Thomas Wentworth, 2nd Baron Wentworth (1525 –13 January 1584) was the eldest son of Thomas Wentworth, 1st Baron Wentworth and Margaret Fortescue. He studied at St John's College, Cambridge.
Thomas served with distinction under his relative the Lord Protector Edward Seymour, 1st Duke of Somerset at the Battle of Pinkie Cleugh in 1547; but in 1551 he was one of the peers who condemned Somerset to death on a charge of felony.
He was a trusted counsellor of Mary I of England, who appointed him deputy of Calais. Wentworth was the last Englishman to hold this post, for on 7 January 1558 he was compelled to surrender Calais to Francis, Duke of Guise, his representations as to the defenceless condition of the fortress having been disregarded by the Privy Council some years earlier. [ citation needed ]He was judged harshly for his ineptitude and indecision during the final crisis, and was even accused of treason. In fact his passive behaviour was probably due to his certainty that the cause was hopeless. His behaviour was unkindly compared to the gallant defence of Guisnes, yet Guisnes also surrendered after a few days.
Wentworth himself remained in France as a prisoner of war for more than a year, and on his return to the Kingdom of England in 1559 he was sent to the Tower of London for having surrendered Calais. He was eventually acquitted of treason. He died on 13 January 1584.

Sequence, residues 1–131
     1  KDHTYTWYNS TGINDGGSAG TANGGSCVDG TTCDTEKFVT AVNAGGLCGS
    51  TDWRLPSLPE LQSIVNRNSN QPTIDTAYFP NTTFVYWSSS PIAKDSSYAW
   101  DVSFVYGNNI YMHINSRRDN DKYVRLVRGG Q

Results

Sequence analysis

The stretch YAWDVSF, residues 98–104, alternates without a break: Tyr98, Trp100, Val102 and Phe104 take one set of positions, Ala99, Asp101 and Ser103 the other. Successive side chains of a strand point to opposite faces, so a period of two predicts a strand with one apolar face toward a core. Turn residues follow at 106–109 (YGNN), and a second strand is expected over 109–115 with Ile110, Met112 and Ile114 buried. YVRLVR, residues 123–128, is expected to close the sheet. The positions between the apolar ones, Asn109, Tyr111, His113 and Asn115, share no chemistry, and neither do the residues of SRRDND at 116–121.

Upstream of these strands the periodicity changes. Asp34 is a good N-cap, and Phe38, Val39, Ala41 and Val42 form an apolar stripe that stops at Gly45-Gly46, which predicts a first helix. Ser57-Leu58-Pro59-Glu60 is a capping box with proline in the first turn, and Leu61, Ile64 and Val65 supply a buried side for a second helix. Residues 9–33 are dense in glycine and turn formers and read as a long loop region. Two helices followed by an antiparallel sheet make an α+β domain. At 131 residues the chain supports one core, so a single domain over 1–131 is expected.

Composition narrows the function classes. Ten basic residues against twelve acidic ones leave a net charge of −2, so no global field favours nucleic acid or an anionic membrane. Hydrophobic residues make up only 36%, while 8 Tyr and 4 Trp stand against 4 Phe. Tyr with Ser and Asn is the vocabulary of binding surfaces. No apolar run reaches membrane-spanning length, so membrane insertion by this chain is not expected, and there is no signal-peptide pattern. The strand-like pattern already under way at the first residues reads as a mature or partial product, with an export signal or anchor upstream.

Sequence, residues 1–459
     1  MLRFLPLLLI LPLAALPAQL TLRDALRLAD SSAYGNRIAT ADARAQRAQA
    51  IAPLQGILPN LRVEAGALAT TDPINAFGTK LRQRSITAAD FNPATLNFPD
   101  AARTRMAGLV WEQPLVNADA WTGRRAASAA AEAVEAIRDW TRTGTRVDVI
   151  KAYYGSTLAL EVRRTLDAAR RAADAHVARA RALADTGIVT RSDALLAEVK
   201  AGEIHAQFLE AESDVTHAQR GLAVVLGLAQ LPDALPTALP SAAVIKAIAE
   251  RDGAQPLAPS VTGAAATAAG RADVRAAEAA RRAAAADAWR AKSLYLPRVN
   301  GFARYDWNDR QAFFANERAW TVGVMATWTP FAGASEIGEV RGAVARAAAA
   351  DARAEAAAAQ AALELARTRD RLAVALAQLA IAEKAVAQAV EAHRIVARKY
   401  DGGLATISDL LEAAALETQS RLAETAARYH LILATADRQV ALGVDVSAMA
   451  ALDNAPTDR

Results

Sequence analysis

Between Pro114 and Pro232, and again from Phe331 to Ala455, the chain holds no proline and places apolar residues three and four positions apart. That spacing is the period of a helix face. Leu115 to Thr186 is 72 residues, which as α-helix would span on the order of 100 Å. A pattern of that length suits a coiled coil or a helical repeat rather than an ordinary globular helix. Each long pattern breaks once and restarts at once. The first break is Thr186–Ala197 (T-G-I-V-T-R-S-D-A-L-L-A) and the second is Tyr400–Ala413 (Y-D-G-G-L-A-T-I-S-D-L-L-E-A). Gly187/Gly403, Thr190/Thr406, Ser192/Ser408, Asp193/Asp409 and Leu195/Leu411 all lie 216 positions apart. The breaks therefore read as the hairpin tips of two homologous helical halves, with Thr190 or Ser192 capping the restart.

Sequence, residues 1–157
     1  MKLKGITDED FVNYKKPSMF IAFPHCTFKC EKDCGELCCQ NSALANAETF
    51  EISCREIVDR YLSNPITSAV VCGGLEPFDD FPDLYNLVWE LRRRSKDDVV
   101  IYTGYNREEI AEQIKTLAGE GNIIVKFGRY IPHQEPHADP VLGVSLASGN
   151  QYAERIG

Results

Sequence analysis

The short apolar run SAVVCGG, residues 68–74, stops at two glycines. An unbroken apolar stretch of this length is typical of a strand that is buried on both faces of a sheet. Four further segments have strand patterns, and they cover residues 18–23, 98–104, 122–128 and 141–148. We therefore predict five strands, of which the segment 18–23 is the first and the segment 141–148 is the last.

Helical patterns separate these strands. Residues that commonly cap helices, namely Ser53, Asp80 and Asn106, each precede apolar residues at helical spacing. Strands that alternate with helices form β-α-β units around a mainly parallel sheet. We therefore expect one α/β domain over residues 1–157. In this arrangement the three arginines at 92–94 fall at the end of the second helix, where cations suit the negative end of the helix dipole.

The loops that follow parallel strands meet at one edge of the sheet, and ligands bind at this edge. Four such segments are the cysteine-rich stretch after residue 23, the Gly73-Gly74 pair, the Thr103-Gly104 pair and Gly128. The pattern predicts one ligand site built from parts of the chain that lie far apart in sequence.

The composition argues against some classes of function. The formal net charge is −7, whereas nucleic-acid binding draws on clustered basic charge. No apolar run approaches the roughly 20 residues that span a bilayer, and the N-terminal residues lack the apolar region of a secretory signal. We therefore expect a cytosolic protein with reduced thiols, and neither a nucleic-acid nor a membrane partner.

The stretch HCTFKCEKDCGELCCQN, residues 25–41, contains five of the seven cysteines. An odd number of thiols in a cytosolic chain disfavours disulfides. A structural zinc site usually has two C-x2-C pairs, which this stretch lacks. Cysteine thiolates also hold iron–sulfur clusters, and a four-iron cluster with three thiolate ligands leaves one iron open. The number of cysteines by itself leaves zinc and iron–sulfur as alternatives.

Wentworth appears as a minor character in the novel The Two Dianas by Alexandre Dumas.
His eldest son William Wentworth married Elizabeth Cecil (born 1 July 1564), a daughter of William Cecil, 1st Baron Burghley, but predeceased his father on 7 November 1582. The peerage consequently passed to his second son Henry Wentworth, 3rd Baron Wentworth (1558–1593), who was one of the judges of Mary, Queen of Scots, at Fotheringay in 1586. Henry was married to Anne Hopton and was father to Thomas Wentworth, 1st Earl of Cleveland.
William Cecil, 1st Baron Burghley, was an English statesman, the chief advisor of Queen Elizabeth I for most of her reign, twice Secretary of State and Lord High Treasurer from 1572. Albert Pollard wrote, "From 1558 for forty years the biography of Cecil is almost indistinguishable from that of Elizabeth and from the history of England."
Henry Fitzalan, 12th Earl of ArundelKG was an English nobleman, who over his long life assumed a prominent place at the court of all the later Tudor sovereigns, probably the only person to do so.
William Howard, 1st Baron Howard of Effingham was the son of Thomas Howard, 2nd Duke of Norfolk and Agnes Tilney. He served four monarchs, Henry VIII, Edward VI, Mary I and Elizabeth I, in various official capacities, most notably on diplomatic missions and as Lord Admiral and Lord Chamberlain of the Household.
Thomas Cecil, 1st Earl of Exeter, KG, known as Lord Burghley from 1598 to 1605, was an English politician, courtier and soldier.
Sir William Brooke, 10th Baron Cobham, KG, lord of the Manor of Cobham, Kent, was Lord Warden of the Cinque Ports, and a Member of Parliament for Hythe. Although he was viewed by some as a religious radical during the Somerset Protectorate, he entertained Queen Elizabeth I of England at Cobham Hall in 1559, signalling his acceptance of the moderate regime.